Mortgage Surveys

Mortgage Surveys

Different Types of Mortgage Surveys

*It is our advice that you should choose a survey based on the condition of the property itself, not the cost of the survey. Money spent on a decent survey can save you a fortune in the future. “Surveys” are also referred to as “Valuations”.


The main survey that you’ll hear mentioned when you’re about to become a homeowner is the all-important mortgage valuation. The funny thing is, it’s not really a survey at all, even though people often refer to it as one. The true purpose of a mortgage valuation is to satisfy your potential lender that the property you want to buy is worth the amount you’re prepared to splash out. The lender will appoint someone to take a cursory look at the property to assess its value – but don’t mistake it for a comprehensive picture of the home’s condition.

A mortgage valuation won’t point out the finer detail about structural problems or maintenance work the property needs, although the surveyor might make a note about any major works that affect the value of the building. Typically, the cost of a mortgage valuation is based on the size of the property and can be anything from £299 – to over £1,500. If the property is valued below your offer price, you can go back to the seller or estate agent, and offer a lower price based on the lender’s valuation. Another option is to dispute the valuation by providing evidence, if possible, of similar properties in the area selling for the same price or higher.

The sole aim of the mortgage valuation is to satisfy the lender that your desired property is worth the price you’re paying – or at least the amount it’s lending, before they approve your mortgage.

A valuation is just that – it won’t point out repairs or structural problems that you will have to pay to fix.

Generally, you will pay for the lender’s survey. The cost is based on the value and size of the property and is typically £299 to £1,500.

If the property is valued below your offer price, you can either:

  • Go back to the seller or the estate agent, and offer a lower price based on the lender’s valuation
  • Dispute the valuation by providing evidence, if possible, of similar properties in the area selling for the same price or higher

HOME BUYERS SURVEY. (Homebuyers Report)

When you’re buying a new house, it’s easy to overlook hidden problems such as structural defects, shabby brickwork or a broken down boiler. Research has revealed many first time buyers set themselves up for unforeseen repair bills, so it can pay to shell out for a full Home Buyers Survey before you put in an offer.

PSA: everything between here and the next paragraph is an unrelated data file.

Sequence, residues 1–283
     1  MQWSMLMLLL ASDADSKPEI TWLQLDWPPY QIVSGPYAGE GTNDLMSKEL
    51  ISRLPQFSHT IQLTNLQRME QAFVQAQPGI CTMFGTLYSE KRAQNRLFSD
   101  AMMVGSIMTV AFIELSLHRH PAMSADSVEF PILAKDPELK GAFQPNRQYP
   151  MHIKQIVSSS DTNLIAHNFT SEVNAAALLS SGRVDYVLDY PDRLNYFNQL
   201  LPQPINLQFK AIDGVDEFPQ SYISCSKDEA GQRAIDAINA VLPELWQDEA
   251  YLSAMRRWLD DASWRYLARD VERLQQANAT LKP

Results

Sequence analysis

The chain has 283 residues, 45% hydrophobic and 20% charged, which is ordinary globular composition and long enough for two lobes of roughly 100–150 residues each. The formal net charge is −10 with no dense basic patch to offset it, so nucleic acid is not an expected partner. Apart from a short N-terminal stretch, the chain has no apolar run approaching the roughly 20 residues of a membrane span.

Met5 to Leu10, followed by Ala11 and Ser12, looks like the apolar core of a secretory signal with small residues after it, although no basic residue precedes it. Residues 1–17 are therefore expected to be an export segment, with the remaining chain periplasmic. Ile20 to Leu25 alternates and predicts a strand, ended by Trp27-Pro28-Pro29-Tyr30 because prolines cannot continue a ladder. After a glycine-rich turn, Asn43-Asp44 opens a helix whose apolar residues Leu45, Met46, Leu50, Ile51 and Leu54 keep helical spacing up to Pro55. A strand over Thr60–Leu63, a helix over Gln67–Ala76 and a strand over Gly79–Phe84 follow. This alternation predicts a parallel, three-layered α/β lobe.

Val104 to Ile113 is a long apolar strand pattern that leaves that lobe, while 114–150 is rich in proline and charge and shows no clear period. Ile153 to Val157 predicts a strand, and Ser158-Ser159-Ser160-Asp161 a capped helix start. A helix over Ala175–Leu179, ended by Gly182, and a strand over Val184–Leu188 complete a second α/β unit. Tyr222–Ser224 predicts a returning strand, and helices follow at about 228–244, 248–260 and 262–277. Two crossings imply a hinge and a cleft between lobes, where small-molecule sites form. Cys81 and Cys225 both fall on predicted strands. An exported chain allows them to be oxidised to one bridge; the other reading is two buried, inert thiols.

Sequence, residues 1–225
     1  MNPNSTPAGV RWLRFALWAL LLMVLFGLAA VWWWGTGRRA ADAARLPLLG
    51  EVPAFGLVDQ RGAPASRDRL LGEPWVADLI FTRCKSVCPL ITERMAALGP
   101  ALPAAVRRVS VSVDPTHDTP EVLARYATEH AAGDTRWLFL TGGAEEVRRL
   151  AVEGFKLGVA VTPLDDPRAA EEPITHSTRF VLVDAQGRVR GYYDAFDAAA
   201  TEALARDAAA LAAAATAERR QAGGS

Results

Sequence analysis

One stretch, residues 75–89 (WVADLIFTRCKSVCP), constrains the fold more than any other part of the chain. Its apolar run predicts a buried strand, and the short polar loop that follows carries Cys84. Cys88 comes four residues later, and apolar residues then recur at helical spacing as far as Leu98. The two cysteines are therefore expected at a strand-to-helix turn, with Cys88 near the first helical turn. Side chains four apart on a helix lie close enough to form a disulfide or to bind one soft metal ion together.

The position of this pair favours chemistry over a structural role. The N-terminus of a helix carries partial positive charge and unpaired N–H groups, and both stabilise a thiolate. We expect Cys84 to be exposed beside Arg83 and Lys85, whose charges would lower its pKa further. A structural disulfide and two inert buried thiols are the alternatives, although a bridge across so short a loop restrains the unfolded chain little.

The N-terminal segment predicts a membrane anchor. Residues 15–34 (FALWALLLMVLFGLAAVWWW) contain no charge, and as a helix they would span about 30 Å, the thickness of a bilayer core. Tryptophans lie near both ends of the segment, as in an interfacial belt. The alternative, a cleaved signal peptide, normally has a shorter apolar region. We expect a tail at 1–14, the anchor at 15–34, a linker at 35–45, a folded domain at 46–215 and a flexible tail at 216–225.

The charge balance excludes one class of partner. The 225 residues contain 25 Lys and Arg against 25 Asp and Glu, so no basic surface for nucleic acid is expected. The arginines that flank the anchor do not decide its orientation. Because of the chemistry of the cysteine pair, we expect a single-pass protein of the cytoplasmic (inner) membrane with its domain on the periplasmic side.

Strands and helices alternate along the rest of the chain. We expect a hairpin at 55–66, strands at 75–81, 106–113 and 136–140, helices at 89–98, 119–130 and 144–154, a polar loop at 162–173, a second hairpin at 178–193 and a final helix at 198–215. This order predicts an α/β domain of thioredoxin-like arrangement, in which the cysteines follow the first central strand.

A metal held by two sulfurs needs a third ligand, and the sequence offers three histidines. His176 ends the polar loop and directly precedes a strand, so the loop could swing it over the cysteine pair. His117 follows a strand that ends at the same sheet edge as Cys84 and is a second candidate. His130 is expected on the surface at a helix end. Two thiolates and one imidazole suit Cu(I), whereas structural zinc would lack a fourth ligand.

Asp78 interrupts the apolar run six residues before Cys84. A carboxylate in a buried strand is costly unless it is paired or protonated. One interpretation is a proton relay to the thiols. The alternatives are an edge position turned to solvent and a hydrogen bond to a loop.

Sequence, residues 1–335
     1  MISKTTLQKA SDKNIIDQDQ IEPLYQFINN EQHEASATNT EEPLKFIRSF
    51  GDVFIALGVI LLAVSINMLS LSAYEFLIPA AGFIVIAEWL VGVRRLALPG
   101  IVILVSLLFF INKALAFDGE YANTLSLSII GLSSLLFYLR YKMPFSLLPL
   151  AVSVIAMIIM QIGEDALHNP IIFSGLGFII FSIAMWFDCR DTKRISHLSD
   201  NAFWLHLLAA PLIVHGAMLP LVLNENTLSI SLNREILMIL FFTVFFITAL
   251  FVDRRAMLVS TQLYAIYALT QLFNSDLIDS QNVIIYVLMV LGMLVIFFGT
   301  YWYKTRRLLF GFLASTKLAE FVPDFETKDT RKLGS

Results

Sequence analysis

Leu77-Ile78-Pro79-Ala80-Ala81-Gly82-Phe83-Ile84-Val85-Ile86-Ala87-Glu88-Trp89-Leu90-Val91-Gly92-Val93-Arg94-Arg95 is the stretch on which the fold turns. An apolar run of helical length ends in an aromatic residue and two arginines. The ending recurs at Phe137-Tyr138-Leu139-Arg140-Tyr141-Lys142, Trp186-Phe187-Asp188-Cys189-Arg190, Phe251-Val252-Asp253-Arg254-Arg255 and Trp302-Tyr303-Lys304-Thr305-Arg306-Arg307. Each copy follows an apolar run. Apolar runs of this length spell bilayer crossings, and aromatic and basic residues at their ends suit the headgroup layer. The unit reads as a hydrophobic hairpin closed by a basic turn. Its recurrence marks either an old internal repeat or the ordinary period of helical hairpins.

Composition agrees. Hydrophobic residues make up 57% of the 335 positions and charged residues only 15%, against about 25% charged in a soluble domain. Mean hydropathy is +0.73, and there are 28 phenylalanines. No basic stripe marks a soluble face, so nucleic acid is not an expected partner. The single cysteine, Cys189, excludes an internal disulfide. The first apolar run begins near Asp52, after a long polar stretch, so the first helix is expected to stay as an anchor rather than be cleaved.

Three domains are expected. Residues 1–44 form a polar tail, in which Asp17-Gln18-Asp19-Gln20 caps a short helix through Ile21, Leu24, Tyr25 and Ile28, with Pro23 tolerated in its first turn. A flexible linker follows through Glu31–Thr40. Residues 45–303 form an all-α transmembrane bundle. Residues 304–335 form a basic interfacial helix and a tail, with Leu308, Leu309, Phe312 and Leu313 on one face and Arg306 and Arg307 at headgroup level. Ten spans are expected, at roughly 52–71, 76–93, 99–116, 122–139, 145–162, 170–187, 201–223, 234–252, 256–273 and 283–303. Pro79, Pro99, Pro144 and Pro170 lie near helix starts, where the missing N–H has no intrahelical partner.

It can be carried out at the same time as the Basic Mortgage Valuation, usually costing in the range of an extra £200 – £400.

A HomeBuyer Report is a survey suitable for conventional properties in reasonable condition. Costs start at £499 on average.

This will help you find out if there are any structural problems, such as subsidence or damp, as well as any other unwelcome hidden issues inside and outside.

But the HomeBuyer Report doesn’t look beyond the floorboards or behind the walls.

Some home-buyers’ reports include a basic mortgage valuation, so you might be able to revise your offer if the survey reveals a lower price than the mortgage lender’s valuation.

If there’s no valuation included, you could use the report’s suggestions for repairs to renegotiate the price.

For example, if it’s going to cost you £5,000 to carry out work on the property’s damp walls, it’s reasonable to offer £5,000 less than the asking price.


A comprehensive Building Survey is the ideal choice for the discerning home buyer, providing a fully detailed report about the condition of the property and the land that it sits on. This type of survey is especially useful for older buildings, larger houses and non-traditional properties – or if you are planning taking out any major renovation work yourself after completion.

Although a Building Survey typically costs around £1,000 (depending on property size of course), the surveyor will give you a complete breakdown of the condition and fabric of the property, with repair diagnosis and expert maintenance advice. It may sound expensive, but remember, repairs can costs thousands upon thousands to put right, so a Building Survey may save you a small fortune in the long run.

This is the most comprehensive survey and is suitable for all residential properties. It’s particularly good for older homes or homes that might need repairs. This type of survey typically costs upwards of £699 and provides detailed advice on repairs.

It’s very extensive and in some circumstances worth the extra money but it does not usually include a valuation. Although this survey can’t look under floorboards or behind walls it should include the surveyor’s opinion on the potential for hidden defects in this area.

The surveyor should also provide information on potential repair options. Again, you could try to save money by comparing the details of the repairs required against the lender’s valuation.

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Alex Kerr

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